Breakaway wirehouse advisors never walk alone. A new report by Aite Group on the independence movement shows that reps from the big houses demonstrate superior client retention when they leave their employers. Fifty percent of breakaway brokers who left wirehouses were able to bring 75 to 100 percent of their book of business along with them, according to an Aite survey of independents. Another 27 percent of former wirehouse advisors left with 50 to 74 percent of their book. By contrast, 34 percent of breakaways from other captive brokerage firms were able to retain 75 to 100 percent of book, while just 7 percent were able to keep 50 to 74 percent of book. Aite polled 152 independents online in the fourth quarter of last year.
The “stickiness” that wirehouse reps possess concerning their clients is a big driver in their movement to independence, since starting a business from scratch requires large outlays. Those with revenues from a sizable client book are in a better position to cover such outlays. Since 2006, breakaways have outnumbered new advisors in setting up independent practices by a 4-to-1 factor, Aite says.
“There is a pecking order of advisors. It’s hard to generalize, but there’s a reason why a wirehouse broker has so many more assets than another captive broker in a different firm outside the wirehouse space,” says Alois Pirker, Aite research director. Some of it is simply Darwinian; advisors who can’t keep up with production quotas tend to drop out after 18 months, and only the strong survive. “If you’ve made it in a couple of years at a wirehouse, chances are you’ve built a solid book,” Pirker says.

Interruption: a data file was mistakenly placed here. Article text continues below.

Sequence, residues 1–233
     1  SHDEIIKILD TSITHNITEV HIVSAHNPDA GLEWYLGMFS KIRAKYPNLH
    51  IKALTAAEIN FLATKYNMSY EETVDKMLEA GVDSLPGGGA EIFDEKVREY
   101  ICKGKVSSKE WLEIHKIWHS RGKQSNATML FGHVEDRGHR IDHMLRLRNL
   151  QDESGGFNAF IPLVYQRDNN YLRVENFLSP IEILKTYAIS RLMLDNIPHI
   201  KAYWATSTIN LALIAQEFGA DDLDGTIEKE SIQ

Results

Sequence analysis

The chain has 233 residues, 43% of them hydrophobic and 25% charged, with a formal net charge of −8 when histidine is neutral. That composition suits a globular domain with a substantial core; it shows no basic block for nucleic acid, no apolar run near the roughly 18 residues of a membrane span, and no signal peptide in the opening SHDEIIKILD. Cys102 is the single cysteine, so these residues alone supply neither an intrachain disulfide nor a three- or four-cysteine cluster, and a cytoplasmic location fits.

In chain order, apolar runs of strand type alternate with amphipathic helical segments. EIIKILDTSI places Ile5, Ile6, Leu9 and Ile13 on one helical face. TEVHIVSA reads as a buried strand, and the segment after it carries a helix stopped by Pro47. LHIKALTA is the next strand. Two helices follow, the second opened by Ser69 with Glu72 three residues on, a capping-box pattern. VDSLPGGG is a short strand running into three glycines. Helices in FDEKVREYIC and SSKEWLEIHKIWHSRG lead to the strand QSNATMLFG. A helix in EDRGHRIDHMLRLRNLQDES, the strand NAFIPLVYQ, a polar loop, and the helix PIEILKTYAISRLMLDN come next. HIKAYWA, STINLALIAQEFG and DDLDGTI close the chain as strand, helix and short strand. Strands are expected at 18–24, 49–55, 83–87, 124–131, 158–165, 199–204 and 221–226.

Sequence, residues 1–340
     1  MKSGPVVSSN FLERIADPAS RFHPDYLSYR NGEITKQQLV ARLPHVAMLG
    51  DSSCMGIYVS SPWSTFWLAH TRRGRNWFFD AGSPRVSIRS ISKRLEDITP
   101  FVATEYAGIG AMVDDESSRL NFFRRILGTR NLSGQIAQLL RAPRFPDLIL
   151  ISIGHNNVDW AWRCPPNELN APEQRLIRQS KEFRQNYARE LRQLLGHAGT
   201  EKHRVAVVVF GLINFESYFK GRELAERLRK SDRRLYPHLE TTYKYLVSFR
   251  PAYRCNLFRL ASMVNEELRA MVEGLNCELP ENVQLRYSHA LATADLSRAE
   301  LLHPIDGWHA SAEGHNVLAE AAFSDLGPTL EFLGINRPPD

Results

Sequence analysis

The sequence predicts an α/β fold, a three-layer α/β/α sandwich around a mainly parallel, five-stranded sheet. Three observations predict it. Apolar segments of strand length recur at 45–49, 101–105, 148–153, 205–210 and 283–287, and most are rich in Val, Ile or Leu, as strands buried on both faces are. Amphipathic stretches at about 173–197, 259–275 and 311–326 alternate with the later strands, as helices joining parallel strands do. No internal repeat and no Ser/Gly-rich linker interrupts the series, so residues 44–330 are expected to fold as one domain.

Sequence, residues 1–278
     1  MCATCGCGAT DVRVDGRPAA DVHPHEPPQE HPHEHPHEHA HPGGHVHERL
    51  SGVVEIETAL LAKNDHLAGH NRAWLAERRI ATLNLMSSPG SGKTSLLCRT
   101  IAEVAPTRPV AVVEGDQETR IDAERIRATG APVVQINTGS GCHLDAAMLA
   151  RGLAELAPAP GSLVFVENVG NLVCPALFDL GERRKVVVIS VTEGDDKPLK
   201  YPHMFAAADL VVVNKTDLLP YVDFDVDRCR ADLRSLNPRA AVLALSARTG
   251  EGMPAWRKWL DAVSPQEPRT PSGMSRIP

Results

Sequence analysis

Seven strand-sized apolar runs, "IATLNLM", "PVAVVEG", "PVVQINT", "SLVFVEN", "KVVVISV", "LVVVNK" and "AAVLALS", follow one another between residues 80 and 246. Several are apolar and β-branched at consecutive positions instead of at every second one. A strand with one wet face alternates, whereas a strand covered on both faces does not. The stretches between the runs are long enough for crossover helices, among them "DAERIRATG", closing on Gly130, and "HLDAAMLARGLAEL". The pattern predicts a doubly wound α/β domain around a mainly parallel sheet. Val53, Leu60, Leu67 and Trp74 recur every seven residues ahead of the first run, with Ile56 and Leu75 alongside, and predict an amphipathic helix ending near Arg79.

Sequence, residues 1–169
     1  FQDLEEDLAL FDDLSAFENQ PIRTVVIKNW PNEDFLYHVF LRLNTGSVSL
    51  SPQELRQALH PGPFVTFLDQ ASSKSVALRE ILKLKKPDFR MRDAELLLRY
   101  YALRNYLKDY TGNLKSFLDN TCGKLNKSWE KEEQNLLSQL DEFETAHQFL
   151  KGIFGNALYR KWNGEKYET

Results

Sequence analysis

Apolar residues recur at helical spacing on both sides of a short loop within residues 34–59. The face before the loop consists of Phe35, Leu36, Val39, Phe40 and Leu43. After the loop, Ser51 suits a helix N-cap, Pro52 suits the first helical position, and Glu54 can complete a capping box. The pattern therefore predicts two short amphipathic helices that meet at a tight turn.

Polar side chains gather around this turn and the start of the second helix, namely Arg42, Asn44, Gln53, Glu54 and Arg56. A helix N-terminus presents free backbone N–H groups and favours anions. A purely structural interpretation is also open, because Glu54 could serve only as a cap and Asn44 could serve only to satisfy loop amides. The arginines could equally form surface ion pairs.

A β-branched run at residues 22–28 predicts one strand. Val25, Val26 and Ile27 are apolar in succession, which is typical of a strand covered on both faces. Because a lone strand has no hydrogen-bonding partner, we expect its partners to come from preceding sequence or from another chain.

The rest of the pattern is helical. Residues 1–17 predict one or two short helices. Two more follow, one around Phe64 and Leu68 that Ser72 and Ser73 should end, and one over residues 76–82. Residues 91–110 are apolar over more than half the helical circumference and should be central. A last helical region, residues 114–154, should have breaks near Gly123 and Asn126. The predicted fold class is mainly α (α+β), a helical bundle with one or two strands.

With the prospect of brokers being held to fiduciary standards following the passage of federal financial overhaul legislation, RIA seems to be the model that wirehouse breakaways are embracing, Aite says. Sixty-eight percent of independents who originated from wirehouses have chosen fee-only or dually registered RIAs, the poll found. Client displeasure with the fortunes of wirehouses since the financial crisis can be a factor that leads advisors to leave; 18 percent of ex-wirehouse reps who went independent cited the “severely damaged” brand of their former employer as the dominant reason for their departure, the poll says. In some cases, it’s the clients themselves who fire their wirehouse advisors and bolt to RIAs.
Interestingly, the view that wirehouse advisors break away chiefly for financial reasons is not borne out by the survey. “Higher payout from annual production” was cited as the dominant reason for leaving just 18 percent of the time, tying for third place with the aforementioned damaged brand rationale. The biggest reason that brokers gave for leaving wirehouses was the desire to move to a different advice model (32 percent), followed by a “high degree of uncertainty at previous employer” (23 percent).